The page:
In a perfect world, an artist would be able to sell their original artwork outright to a gallery for a reasonable fair market price, upon which point it would be the art gallery’s sole responsibility and risk to sell the art for its own profit. Unfortunately for artists, that world does not exist. Art galleries cannot always predict the commercial appeal of works of art and instead rely on a consignment sales model to operate their businesses.
An art consignment agreement is a contract between an artist and gallery where the artist provides the gallery art at (typically) no cost and, in exchange, the gallery agrees to sell the art for a commission. Generally speaking, a starting point for the gallery’s commission starts at 50%. While that commission may seem high at first to an artist, this arrangement is often beneficial for both parties, as an artist can greatly benefit from a gallery’s expertise in selling art and creating exposure for the artist.
Many artists are often reluctant to negotiate an art consignment agreement with art galleries as they believe whatever exposure they can get is worth more than potentially blowing an opportunity for an exhibition by haggling over a contract. Likewise, many galleries opt to avoid entering into written art consignment agreements with artists for the same reason, as they want to throw less paperwork at the artist so they can get their hands on the artwork they want to sell.This is undoubtedly a mistake for both parties.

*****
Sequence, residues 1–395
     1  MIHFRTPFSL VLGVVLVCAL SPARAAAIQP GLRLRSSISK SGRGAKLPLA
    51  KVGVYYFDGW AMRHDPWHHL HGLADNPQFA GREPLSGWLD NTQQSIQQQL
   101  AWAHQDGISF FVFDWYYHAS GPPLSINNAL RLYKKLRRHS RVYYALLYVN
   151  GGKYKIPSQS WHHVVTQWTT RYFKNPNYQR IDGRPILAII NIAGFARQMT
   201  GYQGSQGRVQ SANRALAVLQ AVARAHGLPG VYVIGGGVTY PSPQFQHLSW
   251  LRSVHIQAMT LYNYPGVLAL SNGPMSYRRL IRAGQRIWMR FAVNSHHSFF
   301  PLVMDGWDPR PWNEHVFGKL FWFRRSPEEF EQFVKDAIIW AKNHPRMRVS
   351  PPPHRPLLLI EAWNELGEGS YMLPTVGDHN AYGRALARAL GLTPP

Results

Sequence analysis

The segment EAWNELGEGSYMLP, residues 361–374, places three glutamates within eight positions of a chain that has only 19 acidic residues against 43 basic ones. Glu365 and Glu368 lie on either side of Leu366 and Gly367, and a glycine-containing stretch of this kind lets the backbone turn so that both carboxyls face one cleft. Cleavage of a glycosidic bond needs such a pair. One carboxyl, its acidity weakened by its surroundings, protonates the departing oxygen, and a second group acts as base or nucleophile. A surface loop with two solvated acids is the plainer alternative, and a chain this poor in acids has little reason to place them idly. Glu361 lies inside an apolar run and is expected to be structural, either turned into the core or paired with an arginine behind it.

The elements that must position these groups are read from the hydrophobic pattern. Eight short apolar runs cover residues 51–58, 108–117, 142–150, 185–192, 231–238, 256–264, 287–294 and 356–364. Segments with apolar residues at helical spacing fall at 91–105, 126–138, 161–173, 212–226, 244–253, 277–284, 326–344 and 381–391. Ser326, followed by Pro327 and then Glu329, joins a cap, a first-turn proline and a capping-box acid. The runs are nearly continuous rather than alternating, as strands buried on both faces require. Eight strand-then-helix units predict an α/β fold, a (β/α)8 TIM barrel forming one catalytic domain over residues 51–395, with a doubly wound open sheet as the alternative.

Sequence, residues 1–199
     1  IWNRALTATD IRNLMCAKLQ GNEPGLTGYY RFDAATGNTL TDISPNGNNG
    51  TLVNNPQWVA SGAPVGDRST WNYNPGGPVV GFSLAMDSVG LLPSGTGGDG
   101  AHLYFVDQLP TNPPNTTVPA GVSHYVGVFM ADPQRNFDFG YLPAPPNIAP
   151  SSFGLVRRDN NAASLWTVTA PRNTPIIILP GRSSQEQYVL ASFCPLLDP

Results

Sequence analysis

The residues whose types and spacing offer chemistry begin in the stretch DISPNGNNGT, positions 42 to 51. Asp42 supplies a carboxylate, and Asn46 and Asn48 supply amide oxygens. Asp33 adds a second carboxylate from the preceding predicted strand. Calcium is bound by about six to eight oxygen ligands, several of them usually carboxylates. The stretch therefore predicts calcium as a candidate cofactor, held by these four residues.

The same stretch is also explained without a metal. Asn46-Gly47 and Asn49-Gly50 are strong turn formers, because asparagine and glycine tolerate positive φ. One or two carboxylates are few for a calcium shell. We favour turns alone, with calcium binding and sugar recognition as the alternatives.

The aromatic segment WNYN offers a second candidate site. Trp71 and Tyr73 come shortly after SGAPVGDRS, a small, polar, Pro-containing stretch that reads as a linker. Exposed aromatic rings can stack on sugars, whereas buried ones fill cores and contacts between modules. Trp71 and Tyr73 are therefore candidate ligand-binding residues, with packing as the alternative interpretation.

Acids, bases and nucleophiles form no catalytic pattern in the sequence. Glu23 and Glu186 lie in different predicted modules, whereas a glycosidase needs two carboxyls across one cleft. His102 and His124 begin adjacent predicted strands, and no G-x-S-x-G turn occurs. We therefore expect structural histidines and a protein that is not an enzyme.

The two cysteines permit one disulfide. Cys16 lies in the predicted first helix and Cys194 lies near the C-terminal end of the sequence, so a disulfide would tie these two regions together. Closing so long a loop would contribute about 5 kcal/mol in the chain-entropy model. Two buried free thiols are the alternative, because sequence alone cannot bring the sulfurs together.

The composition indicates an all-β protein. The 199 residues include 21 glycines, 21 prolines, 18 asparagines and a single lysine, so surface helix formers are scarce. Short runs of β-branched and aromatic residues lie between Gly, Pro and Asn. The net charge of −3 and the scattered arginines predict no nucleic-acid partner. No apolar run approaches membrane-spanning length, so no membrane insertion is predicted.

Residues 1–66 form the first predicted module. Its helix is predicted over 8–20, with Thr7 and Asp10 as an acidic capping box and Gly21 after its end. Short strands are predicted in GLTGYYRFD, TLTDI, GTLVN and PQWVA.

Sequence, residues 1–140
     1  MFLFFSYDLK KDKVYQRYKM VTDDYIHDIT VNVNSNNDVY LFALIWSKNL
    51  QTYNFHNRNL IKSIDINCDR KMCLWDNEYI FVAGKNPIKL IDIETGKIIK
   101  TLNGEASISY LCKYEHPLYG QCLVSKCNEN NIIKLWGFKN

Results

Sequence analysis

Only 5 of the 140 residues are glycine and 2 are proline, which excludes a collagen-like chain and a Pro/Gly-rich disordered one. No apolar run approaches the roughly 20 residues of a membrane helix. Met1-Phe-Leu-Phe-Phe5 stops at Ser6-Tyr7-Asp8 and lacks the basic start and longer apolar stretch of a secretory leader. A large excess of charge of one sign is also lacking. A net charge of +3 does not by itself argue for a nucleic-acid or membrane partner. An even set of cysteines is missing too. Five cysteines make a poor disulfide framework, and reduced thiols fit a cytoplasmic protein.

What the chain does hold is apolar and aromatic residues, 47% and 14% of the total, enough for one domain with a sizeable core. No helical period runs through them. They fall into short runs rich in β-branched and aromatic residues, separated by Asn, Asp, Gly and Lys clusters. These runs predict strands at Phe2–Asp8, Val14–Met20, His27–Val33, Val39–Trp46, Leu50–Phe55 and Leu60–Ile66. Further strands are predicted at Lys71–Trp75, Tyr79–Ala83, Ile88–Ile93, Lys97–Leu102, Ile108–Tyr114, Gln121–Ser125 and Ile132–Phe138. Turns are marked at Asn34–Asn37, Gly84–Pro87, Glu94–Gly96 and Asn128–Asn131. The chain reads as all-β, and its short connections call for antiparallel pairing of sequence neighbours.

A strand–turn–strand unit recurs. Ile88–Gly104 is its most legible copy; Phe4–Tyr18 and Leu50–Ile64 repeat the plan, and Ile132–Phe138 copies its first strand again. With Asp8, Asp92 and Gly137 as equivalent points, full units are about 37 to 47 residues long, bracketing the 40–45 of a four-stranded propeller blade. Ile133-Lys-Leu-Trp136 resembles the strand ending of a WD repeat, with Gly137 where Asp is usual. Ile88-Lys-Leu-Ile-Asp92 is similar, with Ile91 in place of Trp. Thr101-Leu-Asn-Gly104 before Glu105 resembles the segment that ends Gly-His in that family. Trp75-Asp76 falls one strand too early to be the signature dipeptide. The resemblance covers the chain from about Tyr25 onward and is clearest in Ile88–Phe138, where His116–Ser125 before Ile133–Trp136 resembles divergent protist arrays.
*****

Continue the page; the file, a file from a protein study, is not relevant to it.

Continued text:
Above all else, an art consignment relationship is a business transaction with inherent risks. While the end result of an art consignment relationship — the sale of art — is mutually beneficial to both parties, it is imperative that an artist and gallery each formalize their art consignment agreement in writing so that both parties understand their rights and protections. It’s an essential document in the event of a successful sale of art, and even more so in the worst-case scenarios, such as if the artwork is damaged or the artist misrepresents the work.
There are many ways to structure an art consignment agreement between an artist and gallery, but here are some of the more major deal points and questions each party should be considering.
Defining the Art Consignment Relationship
The majority of terms in an art consignment relationship delineate how the relationship will be treated by the artist and the gallery.